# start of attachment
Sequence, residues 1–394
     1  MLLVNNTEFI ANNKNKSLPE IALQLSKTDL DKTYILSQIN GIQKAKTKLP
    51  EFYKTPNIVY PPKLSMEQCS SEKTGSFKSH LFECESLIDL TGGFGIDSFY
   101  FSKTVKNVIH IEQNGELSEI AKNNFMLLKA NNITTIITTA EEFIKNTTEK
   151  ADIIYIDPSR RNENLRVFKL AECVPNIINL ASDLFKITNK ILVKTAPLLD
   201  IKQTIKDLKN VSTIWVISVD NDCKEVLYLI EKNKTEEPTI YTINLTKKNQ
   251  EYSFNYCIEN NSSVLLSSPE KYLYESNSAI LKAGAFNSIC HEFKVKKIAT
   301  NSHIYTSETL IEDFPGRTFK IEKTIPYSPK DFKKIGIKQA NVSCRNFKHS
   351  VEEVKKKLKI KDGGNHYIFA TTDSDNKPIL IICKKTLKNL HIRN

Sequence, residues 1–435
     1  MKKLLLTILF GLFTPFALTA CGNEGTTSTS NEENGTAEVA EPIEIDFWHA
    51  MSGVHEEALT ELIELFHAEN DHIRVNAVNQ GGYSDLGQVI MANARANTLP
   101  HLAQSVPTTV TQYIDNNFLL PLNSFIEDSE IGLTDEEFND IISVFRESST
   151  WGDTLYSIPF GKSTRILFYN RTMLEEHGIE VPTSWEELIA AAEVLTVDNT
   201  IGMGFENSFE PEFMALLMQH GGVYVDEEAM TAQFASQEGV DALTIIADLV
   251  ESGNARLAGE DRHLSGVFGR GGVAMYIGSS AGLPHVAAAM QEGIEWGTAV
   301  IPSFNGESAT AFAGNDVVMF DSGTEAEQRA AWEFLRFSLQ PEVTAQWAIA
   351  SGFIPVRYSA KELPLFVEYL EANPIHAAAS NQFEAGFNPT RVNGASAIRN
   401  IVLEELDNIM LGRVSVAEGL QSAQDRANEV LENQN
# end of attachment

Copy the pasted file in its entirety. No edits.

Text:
Sequence, residues 1–394
     1  MLLVNNTEFI ANNKNKSLPE IALQLSKTDL DKTYILSQIN GIQKAKTKLP
    51  EFYKTPNIVY PPKLSMEQCS SEKTGSFKSH LFECESLIDL TGGFGIDSFY
   101  FSKTVKNVIH IEQNGELSEI AKNNFMLLKA NNITTIITTA EEFIKNTTEK
   151  ADIIYIDPSR RNENLRVFKL AECVPNIINL ASDLFKITNK ILVKTAPLLD
   201  IKQTIKDLKN VSTIWVISVD NDCKEVLYLI EKNKTEEPTI YTINLTKKNQ
   251  EYSFNYCIEN NSSVLLSSPE KYLYESNSAI LKAGAFNSIC HEFKVKKIAT
   301  NSHIYTSETL IEDFPGRTFK IEKTIPYSPK DFKKIGIKQA NVSCRNFKHS
   351  VEEVKKKLKI KDGGNHYIFA TTDSDNKPIL IICKKTLKNL HIRN

Sequence, residues 1–435
     1  MKKLLLTILF GLFTPFALTA CGNEGTTSTS NEENGTAEVA EPIEIDFWHA
    51  MSGVHEEALT ELIELFHAEN DHIRVNAVNQ GGYSDLGQVI MANARANTLP
   101  HLAQSVPTTV TQYIDNNFLL PLNSFIEDSE IGLTDEEFND IISVFRESST
   151  WGDTLYSIPF GKSTRILFYN RTMLEEHGIE VPTSWEELIA AAEVLTVDNT
   201  IGMGFENSFE PEFMALLMQH GGVYVDEEAM TAQFASQEGV DALTIIADLV
   251  ESGNARLAGE DRHLSGVFGR GGVAMYIGSS AGLPHVAAAM QEGIEWGTAV
   301  IPSFNGESAT AFAGNDVVMF DSGTEAEQRA AWEFLRFSLQ PEVTAQWAIA
   351  SGFIPVRYSA KELPLFVEYL EANPIHAAAS NQFEAGFNPT RVNGASAIRN
   401  IVLEELDNIM LGRVSVAEGL QSAQDRANEV LENQN